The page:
Increased productivity part of Lansdowne deal

Proposals also places new restrictionson outsourcing in public service

Brendan Howlin, Minister for Publin Expenditure and Reform, speaking to the media outside  Lansdown House. Photograph: Cyril Byrne

Brendan Howlin, Minister for Publin Expenditure and Reform, speaking to the media outside Lansdown House. Photograph: Cyril Byrne


In return for the increased earnings set out in the new Lansdowne Road agreement, unions will have to sign up to delivering greater productivity. They will also have to reaffirm their commitment to resolving disputes in the public service by peaceful means.

The deal – reached between the Government and unions and drawn up by the Labour Relations Commission – says efficiencies need to be maximised, and productivity increased through revised work practices and other initiatives.

Minister for Public Expenditure Brendan Howlin said after the deal was announced: “Nobody in the public service has had a pay rise. Everybody has had a pay cut. We now want to map out a path for pay recovery.”

The deal also says the parties “re-commit to effective engagement across the platform of the Government’s delivery of its change and reform agenda, and understand that differences will continue to require to be addressed in a structured manner”. Disputes It says that where necessary they will be dealt with in accordance with the provisions of the document which set out mechanisms for dealing with disputes.

The proposed accord sets out the Government’s reform plans for different parts of the public service. These include:

nThe Civil Service renewal plan.

nThe education sector – the further education and training strategy; curricular reform within schools; the review of apprenticeship training in Ireland; the national strategy for higher education to 2030; the national strategy to improve literacy and numeracy (2011 to 2020);

nThe local government sector – the action programme for effective local government and Irish Water Programme;

nThe health sector – the future health strategic framework for the reform of the health service, associated structural reforms such as

the establishment of hospital groups and community healthcare organisations;

n The justice sector – the review of the Garda Síochána.

Under the deal the parties will be obliged to reaffirm their commitment to settling disputes by peaceful means through binding arbitration.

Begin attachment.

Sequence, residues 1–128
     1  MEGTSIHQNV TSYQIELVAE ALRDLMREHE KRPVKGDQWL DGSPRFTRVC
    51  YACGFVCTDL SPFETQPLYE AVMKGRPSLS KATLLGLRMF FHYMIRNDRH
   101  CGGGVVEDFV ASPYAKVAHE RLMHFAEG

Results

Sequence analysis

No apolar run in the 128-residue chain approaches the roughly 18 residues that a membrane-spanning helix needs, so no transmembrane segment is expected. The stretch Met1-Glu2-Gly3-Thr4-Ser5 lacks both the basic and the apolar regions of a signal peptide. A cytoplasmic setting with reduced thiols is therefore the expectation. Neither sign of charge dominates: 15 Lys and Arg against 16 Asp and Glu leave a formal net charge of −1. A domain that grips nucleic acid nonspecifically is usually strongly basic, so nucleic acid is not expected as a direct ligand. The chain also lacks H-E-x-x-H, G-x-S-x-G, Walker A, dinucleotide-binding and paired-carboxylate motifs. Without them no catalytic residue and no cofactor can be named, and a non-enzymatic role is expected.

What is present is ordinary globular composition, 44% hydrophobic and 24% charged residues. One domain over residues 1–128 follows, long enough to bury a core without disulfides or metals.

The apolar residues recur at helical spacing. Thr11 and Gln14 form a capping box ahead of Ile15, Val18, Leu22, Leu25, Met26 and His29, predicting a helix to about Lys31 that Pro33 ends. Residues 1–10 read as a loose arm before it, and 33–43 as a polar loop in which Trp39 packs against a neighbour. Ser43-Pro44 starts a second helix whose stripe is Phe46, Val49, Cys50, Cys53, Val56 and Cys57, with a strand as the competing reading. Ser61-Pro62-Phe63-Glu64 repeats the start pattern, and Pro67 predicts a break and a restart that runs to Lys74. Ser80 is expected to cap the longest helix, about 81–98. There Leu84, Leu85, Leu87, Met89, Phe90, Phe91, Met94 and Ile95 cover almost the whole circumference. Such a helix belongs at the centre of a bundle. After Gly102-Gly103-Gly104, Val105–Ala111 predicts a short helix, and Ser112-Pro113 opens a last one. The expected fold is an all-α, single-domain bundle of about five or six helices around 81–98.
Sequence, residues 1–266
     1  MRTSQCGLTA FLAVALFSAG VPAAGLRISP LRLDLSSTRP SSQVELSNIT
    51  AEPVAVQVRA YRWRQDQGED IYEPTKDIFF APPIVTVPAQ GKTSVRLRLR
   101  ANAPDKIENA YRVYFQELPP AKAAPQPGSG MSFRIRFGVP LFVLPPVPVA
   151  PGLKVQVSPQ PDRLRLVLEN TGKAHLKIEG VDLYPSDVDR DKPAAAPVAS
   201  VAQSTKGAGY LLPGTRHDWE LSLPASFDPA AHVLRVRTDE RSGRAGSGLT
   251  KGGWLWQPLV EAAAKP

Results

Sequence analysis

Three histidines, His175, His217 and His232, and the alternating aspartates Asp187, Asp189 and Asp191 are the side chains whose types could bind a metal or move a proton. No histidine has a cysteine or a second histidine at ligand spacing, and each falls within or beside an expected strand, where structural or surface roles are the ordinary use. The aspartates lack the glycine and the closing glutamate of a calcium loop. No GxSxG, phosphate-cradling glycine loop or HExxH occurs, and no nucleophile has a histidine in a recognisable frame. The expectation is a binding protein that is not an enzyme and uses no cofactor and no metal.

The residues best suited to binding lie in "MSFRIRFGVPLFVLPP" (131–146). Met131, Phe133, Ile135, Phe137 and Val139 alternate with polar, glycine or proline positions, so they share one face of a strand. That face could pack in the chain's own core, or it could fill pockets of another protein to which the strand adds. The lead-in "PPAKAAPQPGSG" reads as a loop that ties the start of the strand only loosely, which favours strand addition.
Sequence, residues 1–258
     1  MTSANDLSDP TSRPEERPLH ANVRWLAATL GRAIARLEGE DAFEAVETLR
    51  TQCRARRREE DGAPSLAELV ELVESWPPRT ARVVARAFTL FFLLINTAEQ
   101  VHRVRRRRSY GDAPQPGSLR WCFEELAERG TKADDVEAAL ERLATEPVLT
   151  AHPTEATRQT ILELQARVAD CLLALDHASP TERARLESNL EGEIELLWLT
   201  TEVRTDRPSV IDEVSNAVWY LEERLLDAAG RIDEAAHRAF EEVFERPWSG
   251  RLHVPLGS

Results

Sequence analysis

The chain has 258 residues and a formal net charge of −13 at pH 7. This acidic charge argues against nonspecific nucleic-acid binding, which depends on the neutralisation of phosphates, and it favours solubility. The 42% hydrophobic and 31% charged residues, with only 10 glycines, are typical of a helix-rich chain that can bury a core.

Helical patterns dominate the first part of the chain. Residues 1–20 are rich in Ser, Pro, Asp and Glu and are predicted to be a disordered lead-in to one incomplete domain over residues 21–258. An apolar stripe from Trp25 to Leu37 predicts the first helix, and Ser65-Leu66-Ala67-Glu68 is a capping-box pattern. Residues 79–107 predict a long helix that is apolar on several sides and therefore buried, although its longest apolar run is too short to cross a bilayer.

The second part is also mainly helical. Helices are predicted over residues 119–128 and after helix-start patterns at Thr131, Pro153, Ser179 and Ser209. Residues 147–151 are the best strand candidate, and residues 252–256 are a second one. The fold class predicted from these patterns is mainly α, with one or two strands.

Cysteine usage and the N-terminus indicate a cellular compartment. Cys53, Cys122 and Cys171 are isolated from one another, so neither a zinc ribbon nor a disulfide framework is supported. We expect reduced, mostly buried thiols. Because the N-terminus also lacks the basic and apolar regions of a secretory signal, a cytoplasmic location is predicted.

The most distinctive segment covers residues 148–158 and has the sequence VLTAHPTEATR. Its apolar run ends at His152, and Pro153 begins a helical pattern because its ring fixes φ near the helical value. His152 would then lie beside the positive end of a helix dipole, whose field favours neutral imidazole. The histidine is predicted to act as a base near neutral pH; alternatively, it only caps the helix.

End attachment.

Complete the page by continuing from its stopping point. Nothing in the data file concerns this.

The proposed agreement says there will be no cost-increasing claims for improvements in pay or conditions of employment by unions, Garda and Defence Force associations or employees during the period of the agreement.

The proposed deal places new restrictions on outsourcing in the public service.

In any move to outsource an existing service the deal maintains that, in the evaluation process, “the totality of labour costs” will be excluded. Outsourcing This provision on outsourcing was criticised last night by

employers’ group Ibec which described the measures as “overly restrictive”.

Ibec chief economist Fergal O’Brien said “new restrictions on outsourcing could result in it being a bad deal for taxpayers. The interests of the service provider are being put ahead of customer needs. Ireland already has the fourth lowest level of public sector outsourcing in the OECD. This agreement will further restrict the ability of Ireland to benefit from the quality and efficiency of services that outsourcing can provide.”

However, it is most likely that the pay elements will receive the most attention in the proposed accord. These pay measures will be implemented in phases.

In 2016, staff will receive an income boost of €1,000 achieved in two tranches in January and September, by means of increasing the exemption threshold for the public service pension levy.

For those on low incomes who are unable to achieve the €1,000 increase by means of the pension levy there will be salary rises of between 1 and 2.5 per cent to bring the rise in their earnings up to this level.

In September 2017 the salaries of those earning up to €65,000 will rise by €1,000.